Christmas Reading: Envious Casca




One of Georgette Heyer's best mysteries -- in fact, I believe her very best -- is a Christmas-set story, entitled Envious Casca.  It's a favorite of mine (Victoria's) and a Christmas book I want to recommend.

Of course, since it is a murder mystery, don't expect a great deal of yuletide cheer. In fact, as you might assume from its genre, most of the characters are rather unpleasant and Lexham Manor may not be the house you dream about occupying in the quiet countryside.

The title Envious Casca  comes from lines in Shakespeare's play Julius Caesar:

If you have tears, prepare to shed them now.
You all do know this mantle: I remember
The first time ever Caesar put it on;
‘Twas on a summer’s evening, in his tent,
That day he overcame the Nervii:
Look, in this place ran Cassius’ dagger through:
See what a rent the envious Casca made:


Thus we knew from the start that stabbing was the method of murder, and there may be a clue to the perpetrator -- a friend? a relative?




One might also consider this a typical country house mystery.  A dysfunctional family gets together for the holidays -- various strains are evident from page one.  If you enjoy an intriguing whodunit, you might give this a try for those hours after a big dinner when you are reaching for slumber...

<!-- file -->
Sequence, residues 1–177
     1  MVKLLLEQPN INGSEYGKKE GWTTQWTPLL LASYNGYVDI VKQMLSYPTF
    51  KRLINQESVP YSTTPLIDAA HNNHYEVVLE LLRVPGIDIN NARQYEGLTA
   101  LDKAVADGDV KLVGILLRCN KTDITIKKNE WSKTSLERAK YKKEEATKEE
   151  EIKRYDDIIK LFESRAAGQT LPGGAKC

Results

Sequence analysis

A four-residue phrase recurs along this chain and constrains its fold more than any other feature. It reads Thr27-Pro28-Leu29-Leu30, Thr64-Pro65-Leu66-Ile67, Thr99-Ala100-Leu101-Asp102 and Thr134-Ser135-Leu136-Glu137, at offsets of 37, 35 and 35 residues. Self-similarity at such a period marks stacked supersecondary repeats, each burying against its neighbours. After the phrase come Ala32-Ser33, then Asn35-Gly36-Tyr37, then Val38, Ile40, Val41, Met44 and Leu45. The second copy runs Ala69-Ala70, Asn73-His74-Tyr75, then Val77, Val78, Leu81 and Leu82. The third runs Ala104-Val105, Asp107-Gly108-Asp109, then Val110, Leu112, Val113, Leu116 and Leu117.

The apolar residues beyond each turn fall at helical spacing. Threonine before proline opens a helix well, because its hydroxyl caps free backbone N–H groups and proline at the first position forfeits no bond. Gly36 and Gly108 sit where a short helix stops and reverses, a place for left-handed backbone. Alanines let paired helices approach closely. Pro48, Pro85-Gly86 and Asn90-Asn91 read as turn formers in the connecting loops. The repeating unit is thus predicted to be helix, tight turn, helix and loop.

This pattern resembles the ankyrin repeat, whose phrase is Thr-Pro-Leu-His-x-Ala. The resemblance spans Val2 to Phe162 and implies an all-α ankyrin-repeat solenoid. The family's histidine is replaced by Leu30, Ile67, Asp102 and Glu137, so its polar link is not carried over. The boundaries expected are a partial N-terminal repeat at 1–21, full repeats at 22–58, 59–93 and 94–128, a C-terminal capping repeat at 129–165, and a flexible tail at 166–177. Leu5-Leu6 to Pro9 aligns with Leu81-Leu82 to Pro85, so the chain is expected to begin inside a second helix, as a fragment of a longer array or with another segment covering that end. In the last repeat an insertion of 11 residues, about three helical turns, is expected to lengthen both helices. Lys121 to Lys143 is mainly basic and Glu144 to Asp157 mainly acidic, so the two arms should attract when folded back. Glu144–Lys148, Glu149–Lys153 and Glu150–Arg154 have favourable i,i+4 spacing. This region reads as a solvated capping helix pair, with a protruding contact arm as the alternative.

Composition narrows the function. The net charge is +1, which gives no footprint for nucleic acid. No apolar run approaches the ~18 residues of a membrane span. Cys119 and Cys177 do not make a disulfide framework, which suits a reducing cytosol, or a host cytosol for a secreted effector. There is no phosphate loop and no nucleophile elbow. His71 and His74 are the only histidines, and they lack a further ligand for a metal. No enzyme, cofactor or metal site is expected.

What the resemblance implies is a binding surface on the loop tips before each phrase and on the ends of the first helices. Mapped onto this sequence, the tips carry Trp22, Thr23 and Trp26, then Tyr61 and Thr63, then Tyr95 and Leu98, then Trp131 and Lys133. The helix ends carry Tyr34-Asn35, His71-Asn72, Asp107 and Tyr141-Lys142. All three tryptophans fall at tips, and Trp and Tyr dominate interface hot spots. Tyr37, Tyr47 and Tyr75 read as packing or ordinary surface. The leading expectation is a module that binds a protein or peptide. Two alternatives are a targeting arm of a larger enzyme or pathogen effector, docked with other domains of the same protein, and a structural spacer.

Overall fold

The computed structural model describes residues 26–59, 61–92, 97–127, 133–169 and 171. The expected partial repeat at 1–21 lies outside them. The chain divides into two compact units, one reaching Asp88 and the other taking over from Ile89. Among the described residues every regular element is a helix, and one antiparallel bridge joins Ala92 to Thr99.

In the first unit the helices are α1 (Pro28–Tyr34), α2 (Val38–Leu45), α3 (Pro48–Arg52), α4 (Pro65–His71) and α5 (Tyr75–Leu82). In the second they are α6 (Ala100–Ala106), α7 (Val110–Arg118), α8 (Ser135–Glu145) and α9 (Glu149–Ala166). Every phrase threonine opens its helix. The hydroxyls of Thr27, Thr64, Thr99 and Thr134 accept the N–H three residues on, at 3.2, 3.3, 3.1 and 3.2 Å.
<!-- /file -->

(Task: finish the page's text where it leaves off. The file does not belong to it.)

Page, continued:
Unlike many of Heyer's, it is not a historical but set in her own time period, the 1930's, and you might compare it with similar works by English mystery mistresses such as Dorothy L. Sayers and Agatha Christie. The actual publishing date was 1941. The novel features one of Heyer's continuing characters in her mysteries, Inspector Hemingway of Scotland Yard.






Georgette Heyer (1902-1974) wrote dozens of novels and short stories, some in collections, others in periodicals.  She has been the subject of several biographies, the latest of which by Jennifer Kloester, will be available in paperback from Sourcebooks in January, 2013. It was published in the UK in 2011. Also available as an e-book soon.

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